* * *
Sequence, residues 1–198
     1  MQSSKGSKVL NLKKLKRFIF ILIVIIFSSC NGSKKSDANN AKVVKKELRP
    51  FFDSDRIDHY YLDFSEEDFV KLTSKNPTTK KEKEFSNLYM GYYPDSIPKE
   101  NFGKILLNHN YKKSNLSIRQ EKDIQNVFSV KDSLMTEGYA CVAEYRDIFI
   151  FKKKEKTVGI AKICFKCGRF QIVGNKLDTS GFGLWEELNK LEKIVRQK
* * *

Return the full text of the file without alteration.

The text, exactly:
Sequence, residues 1–198
     1  MQSSKGSKVL NLKKLKRFIF ILIVIIFSSC NGSKKSDANN AKVVKKELRP
    51  FFDSDRIDHY YLDFSEEDFV KLTSKNPTTK KEKEFSNLYM GYYPDSIPKE
   101  NFGKILLNHN YKKSNLSIRQ EKDIQNVFSV KDSLMTEGYA CVAEYRDIFI
   151  FKKKEKTVGI AKICFKCGRF QIVGNKLDTS GFGLWEELNK LEKIVRQK